Town as a brand? Selectmen like idea, ponder cost

Creating and publicizing a Ridgefield brand — telling the story of the town, and why it’s a place people want live and work — is a concept the selectmen all support. But committing $80,000 of taxpayer’s money to a digital initiative advancing the RIdgefield brand? Well, that’s a tougher sell.
One selectman walked out on the board’s May 26 meeting, frustrated by a two-hour discussion of a proposed appropriation to help support the inRidgefiled branding campaign.
“We all agree, the times are a-changing. We all agree, branding is in the interest of the community,” said Selectman Steve Zemo. “We need to vet it very carefully.”
“I think $80,000 is a tremendous amount to ask for a web promotion,” said Selectwoman Maureen Kozlark.
“I support this 1,000 percent — the concept, the idea,” said Selelctman Bob Hebert. “But I have some questions, perhaps some difficult questions, some concerns.”
It was Selectman Zemo who walked out of the meeting.
The presentation and discussion on the inRidgefield town branding campaign headed by Wayne Addessi, jeweler and downtown landlord, had gone around and around, back and forth. The selectmen had begun talking about delaying a vote on the proposed allocation, so more questions could be answered.
Addessi, sitting at the selectmen’s table with two public relations professionals involved in the project, sought to head off a delay.
“I’d like so suggest, we take a vote tonight,” Addessi said. “There’s a lot of people here...”
“Excuse me, I’m done,” said Zemo, getting up from the table and heading for the door. “I just need to stretch.”
On his way out Zemo said to Addessi, “You’re not running the show.”
It was a testy moment, and reflected tensions that had run all through the meeting, as First Selectman Marconi, backed by Addessi and his team — mainly Julia Nable of the public relations firm Sandormax Media — tried to steer the board toward appropriating $40,000 that would be part of an $80,000 total that would essentially match what Addressi had raised privately to get the project off the ground.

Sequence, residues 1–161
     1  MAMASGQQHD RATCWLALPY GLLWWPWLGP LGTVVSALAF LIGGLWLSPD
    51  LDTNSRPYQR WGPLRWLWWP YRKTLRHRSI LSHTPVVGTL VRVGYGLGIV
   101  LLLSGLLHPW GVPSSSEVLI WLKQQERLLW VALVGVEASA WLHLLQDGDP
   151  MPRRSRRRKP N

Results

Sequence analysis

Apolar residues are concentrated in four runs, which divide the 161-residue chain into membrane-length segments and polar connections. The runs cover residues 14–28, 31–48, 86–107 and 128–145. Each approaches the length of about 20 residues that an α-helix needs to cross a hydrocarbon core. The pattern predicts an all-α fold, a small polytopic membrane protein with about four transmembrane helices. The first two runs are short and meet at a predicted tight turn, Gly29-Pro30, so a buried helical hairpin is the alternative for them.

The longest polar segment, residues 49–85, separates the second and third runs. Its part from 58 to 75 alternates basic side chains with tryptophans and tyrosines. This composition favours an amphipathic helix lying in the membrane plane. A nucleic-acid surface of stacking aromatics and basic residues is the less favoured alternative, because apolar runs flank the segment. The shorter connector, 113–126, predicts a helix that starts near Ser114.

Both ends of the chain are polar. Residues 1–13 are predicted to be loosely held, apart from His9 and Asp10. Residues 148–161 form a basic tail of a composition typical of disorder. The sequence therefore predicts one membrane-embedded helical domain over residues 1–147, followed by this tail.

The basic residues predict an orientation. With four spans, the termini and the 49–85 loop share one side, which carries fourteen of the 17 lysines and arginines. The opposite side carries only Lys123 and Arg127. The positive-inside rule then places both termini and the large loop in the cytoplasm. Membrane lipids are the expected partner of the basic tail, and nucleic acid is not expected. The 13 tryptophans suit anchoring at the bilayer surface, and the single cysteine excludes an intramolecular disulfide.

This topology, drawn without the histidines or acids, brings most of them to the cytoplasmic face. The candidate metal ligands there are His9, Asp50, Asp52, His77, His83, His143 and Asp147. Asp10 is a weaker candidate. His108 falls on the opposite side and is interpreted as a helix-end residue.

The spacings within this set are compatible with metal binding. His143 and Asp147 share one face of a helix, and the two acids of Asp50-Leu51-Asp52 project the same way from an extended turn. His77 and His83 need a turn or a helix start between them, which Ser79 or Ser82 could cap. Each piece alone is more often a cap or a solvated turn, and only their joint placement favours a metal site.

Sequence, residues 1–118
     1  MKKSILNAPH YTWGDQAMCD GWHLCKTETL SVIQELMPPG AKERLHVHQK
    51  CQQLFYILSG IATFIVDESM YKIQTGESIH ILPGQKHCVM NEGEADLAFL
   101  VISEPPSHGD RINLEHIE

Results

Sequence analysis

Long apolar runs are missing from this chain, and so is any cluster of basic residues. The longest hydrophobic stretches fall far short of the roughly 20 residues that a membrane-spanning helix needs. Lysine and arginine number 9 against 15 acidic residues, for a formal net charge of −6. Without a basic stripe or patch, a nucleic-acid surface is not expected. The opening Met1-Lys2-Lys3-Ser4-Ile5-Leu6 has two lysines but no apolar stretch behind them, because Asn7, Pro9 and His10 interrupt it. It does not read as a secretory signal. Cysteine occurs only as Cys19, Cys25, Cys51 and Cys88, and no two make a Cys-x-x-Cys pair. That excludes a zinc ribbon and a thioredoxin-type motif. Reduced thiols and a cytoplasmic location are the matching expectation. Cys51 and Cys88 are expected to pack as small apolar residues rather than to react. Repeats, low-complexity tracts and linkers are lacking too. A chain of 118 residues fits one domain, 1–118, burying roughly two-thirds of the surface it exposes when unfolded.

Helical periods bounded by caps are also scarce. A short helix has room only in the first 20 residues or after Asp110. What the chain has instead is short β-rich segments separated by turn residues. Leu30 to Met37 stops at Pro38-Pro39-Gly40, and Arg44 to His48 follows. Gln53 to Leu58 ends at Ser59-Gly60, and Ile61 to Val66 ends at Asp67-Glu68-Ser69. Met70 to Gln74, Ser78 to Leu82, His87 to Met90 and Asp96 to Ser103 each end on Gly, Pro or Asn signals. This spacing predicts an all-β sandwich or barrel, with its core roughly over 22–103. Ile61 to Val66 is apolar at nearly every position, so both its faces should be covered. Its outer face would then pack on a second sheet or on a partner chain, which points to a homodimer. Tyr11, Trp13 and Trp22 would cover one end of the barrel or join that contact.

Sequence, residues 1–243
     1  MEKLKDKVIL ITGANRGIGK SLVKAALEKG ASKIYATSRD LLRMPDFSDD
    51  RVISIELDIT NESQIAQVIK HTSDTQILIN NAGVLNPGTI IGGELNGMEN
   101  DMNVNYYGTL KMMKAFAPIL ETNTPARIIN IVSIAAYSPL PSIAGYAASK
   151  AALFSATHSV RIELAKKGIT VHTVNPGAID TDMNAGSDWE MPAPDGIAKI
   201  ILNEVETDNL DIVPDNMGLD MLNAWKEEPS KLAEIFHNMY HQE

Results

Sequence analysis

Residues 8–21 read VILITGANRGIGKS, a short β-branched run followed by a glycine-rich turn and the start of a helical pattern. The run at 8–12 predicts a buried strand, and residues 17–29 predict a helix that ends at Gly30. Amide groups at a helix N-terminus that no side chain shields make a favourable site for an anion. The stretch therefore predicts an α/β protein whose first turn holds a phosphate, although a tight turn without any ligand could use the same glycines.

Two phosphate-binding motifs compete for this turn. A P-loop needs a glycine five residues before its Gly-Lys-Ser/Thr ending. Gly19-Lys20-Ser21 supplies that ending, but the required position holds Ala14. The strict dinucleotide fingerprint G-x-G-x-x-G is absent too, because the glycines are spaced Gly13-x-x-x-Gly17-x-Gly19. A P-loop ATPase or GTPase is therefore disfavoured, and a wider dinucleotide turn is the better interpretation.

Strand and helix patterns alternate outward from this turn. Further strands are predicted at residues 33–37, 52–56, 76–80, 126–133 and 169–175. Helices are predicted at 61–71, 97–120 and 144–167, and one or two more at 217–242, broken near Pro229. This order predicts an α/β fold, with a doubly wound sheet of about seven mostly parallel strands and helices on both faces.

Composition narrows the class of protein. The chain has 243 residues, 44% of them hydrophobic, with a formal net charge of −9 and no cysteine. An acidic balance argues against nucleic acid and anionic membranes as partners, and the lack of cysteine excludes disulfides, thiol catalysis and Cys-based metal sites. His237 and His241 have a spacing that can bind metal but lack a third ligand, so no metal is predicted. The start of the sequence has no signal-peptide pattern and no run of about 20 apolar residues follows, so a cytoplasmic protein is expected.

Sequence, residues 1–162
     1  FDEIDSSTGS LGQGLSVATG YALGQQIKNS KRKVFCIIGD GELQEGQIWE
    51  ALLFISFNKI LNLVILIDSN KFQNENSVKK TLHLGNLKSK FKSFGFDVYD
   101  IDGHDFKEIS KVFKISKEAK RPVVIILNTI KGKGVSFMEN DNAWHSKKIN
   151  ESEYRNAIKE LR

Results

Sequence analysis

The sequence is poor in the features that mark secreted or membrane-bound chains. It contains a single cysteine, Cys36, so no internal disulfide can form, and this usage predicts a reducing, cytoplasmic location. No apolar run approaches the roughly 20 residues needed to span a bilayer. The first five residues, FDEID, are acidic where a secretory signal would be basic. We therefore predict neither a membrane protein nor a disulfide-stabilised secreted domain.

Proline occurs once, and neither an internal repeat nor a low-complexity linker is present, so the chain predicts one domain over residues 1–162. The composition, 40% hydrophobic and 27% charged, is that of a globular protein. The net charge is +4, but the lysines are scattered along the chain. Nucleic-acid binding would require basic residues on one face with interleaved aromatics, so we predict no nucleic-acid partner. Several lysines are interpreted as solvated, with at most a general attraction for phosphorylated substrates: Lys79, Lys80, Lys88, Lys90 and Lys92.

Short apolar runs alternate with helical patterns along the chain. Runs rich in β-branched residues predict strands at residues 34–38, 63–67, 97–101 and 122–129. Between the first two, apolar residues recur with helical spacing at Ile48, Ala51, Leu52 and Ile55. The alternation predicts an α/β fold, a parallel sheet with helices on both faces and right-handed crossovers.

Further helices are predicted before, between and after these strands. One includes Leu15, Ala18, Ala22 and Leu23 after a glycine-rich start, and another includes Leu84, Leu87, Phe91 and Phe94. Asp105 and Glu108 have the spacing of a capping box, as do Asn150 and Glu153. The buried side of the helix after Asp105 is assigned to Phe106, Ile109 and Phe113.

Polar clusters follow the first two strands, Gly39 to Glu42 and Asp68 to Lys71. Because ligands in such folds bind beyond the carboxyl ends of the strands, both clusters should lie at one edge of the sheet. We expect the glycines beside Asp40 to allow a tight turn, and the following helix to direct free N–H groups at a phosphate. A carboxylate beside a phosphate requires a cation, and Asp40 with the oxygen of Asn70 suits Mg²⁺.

The plan was to take $40,000 out of $54,000 in the current year’s 2018-19 contingency account, with another $40,000 to be found in upcoming 2019-10 budget and put toward the inRidgefield campaign.
The heart of the argument presented for inRidgefield was that while there may be many organizations working to publicize aspects of life in Ridgefield — the Chamber of Commerce, the Playhouse with its shows, numerous restaurants and realtors, a variety of charitable groups — nobody is promoting the town itself, the overall community.
InRidgefield’s mission would be to tell the world what makes RIdgefield a place people love, with a conviction that telling the town’s story would attract people to Ridgefield and eventually come back to benefit everyone.
The town might seem to be doing well without a branding campaign, Marconi said, but that economic strength and the benefits that flow from it can be quickly eroded.